Statement Urging Immediate Attention to Afghanistan Media Sector Refugees on International Refugees Day

From Dr. Michelle Ferrier, President, International Association of Women in Radio and Television

Najiba Ayubi had been a journalist in Afghanistan for more than 20 years. During this time, armed men showed up at her home multiple times, but she continued to work despite the threats. She was managing director of Killid Group, a non-profit media network that includes two of the country’s most popular magazines and eight radio stations. She won the 2013 Courage in Journalism Award by the International Women’s Media Foundation for her work. But when the Taliban came to her door in 2021, she decided to get her whole family to safety, an ordeal that took them from Afghanistan to Germany and then to the United States.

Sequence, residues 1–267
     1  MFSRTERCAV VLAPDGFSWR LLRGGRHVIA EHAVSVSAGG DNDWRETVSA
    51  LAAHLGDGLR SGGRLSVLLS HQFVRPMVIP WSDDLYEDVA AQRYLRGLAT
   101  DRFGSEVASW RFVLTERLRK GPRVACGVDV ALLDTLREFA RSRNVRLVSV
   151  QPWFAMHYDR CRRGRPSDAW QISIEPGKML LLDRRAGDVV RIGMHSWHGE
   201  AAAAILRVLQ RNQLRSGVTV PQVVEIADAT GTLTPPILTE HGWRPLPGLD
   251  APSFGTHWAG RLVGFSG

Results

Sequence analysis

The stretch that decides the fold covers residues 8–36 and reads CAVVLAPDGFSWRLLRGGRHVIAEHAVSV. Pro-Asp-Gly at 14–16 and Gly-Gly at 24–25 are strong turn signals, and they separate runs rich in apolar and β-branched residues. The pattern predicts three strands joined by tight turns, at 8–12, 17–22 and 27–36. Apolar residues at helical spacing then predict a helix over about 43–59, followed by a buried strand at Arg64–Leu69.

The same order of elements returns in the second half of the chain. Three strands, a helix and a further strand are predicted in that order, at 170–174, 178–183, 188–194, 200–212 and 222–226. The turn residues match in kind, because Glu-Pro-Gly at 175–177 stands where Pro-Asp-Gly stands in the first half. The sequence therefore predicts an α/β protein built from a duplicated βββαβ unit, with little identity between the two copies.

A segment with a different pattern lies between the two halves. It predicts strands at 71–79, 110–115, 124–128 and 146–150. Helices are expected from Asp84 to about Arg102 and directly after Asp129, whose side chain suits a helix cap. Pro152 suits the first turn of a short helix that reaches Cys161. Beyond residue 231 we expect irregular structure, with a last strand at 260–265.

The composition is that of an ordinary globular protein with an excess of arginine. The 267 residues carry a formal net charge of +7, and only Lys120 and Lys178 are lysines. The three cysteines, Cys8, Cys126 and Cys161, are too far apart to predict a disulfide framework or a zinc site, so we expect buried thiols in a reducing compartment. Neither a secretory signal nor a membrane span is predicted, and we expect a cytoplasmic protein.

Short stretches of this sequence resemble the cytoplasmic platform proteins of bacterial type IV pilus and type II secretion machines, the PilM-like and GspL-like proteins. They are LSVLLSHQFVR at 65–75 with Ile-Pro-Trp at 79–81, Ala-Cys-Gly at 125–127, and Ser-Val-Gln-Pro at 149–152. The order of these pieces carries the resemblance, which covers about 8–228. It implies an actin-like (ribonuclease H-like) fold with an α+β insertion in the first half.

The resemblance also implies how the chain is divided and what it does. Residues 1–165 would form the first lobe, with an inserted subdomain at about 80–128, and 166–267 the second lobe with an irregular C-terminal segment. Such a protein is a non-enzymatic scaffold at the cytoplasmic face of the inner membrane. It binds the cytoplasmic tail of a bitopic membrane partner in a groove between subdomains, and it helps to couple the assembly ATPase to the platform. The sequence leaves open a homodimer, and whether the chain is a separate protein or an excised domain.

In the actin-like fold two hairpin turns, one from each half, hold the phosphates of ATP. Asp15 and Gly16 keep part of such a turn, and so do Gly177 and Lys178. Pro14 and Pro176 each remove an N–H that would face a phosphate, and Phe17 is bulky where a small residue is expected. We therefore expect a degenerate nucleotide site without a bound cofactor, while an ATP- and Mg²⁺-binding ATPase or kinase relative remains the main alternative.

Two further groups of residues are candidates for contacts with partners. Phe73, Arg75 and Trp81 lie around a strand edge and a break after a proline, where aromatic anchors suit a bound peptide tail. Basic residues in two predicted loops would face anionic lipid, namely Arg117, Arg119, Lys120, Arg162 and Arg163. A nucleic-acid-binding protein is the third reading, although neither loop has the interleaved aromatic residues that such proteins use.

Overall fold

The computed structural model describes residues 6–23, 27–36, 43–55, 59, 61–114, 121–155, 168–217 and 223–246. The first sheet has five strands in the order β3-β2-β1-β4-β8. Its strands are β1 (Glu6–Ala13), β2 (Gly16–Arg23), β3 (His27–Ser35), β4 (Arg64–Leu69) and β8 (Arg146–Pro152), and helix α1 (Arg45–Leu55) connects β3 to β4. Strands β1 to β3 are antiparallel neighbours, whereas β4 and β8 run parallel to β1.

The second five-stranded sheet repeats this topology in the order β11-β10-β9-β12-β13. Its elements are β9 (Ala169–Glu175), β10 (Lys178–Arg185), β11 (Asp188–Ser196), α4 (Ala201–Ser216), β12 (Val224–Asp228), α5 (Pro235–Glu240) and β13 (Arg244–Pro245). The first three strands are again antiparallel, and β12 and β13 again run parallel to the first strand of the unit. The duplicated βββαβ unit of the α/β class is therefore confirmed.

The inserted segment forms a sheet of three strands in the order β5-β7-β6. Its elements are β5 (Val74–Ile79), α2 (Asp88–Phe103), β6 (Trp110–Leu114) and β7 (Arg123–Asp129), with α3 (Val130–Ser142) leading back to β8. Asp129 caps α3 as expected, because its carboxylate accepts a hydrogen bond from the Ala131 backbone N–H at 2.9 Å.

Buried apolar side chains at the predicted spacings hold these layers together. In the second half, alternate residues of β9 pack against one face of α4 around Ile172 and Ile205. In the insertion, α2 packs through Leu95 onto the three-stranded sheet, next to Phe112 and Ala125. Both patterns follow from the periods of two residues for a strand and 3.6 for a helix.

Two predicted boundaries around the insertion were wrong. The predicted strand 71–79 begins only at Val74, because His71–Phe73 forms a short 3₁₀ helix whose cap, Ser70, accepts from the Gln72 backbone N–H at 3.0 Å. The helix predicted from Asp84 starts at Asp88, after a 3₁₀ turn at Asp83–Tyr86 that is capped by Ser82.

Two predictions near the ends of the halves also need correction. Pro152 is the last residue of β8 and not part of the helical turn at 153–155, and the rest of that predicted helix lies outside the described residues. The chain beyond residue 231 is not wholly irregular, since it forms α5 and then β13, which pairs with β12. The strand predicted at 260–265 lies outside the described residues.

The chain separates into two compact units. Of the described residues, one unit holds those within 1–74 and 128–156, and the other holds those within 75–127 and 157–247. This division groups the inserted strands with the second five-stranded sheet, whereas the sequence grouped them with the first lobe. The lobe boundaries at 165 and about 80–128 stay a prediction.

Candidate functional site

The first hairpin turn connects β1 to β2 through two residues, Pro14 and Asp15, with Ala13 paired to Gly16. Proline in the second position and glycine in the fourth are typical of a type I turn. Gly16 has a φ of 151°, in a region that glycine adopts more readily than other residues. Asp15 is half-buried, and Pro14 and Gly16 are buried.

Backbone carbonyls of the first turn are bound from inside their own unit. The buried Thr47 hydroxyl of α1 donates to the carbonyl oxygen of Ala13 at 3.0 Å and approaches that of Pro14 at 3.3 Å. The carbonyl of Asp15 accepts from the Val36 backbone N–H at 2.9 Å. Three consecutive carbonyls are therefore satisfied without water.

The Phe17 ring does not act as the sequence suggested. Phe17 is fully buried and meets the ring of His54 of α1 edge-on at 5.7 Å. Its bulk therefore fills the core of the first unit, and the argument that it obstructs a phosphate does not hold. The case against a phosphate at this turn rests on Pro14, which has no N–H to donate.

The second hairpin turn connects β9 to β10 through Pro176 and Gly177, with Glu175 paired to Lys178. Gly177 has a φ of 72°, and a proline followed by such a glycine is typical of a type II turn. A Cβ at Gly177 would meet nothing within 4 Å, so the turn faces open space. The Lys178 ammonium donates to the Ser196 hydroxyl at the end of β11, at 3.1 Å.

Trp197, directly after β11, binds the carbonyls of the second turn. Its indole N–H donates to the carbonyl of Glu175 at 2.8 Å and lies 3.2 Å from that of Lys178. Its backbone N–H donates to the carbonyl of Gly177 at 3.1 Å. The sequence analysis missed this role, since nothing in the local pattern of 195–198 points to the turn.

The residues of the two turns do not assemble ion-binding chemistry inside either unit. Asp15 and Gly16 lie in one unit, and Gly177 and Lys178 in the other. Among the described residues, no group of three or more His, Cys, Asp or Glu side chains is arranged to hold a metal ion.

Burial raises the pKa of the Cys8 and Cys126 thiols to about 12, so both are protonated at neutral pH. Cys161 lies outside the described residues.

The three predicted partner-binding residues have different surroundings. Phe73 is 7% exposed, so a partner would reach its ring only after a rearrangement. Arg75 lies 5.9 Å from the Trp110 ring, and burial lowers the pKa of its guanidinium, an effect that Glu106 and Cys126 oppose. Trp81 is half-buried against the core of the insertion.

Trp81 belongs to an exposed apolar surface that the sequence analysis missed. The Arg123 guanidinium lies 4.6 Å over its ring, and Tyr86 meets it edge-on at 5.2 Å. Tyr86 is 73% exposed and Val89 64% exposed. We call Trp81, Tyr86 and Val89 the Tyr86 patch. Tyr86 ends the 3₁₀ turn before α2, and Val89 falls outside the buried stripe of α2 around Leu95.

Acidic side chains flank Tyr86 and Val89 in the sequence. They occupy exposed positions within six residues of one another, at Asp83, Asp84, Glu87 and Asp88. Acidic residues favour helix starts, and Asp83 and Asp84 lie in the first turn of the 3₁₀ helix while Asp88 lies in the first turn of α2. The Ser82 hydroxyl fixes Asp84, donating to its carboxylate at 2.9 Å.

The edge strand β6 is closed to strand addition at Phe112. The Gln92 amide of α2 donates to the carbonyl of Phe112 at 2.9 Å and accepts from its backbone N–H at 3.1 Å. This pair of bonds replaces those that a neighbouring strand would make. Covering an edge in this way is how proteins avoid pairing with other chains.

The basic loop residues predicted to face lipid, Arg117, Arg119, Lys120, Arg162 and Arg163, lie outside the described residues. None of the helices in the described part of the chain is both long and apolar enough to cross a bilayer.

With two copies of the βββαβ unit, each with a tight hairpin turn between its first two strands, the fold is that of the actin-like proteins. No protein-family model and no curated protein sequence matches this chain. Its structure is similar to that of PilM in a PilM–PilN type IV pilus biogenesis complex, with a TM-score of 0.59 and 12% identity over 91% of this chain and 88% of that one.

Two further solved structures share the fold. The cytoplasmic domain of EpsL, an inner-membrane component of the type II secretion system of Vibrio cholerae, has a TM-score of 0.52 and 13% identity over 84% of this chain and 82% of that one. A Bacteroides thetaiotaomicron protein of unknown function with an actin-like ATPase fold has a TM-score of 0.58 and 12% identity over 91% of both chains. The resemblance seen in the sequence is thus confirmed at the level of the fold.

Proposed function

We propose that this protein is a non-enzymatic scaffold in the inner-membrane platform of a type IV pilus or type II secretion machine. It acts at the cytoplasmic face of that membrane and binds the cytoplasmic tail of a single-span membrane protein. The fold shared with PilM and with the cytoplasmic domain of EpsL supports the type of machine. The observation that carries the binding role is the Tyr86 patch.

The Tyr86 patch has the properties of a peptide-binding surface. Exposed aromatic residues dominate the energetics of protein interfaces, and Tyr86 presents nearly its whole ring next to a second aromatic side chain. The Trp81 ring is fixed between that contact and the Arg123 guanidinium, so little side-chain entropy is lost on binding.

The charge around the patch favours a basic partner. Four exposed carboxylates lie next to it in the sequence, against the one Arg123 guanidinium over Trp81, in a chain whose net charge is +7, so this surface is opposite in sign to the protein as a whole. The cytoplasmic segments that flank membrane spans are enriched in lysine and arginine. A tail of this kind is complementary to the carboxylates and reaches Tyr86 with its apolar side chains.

Najiba and her family now reside in California, waiting for the asylum process to move on her case and those of hundreds of other media workers that have fled from Afghanistan since August 2021. The months since the takeover and installation of the de facto regime has seen a continued decline in human rights for women and in particular, women media workers, journalists, broadcasters and others. Journalists, human rights activists, civil society members, minority groups, and women and girls have been marginalized from public life under the Taliban-run administration. Women and girls are prohibited from employment, moving about freely and other actions of free citizens. Recent actions by the Taliban on December 25, 2022 have effectively banned women in Afghanistan from the public sphere — and terminating female education and work rights across the country. Women held parliamentary seats, ministerial and diplomatic posts and senior offices, including as judges and chairs of independent commissions before the Taliban takeover. None remain in these positions today, according to a United Nations Special Rapporteur report on Afghanistan, released yesterday.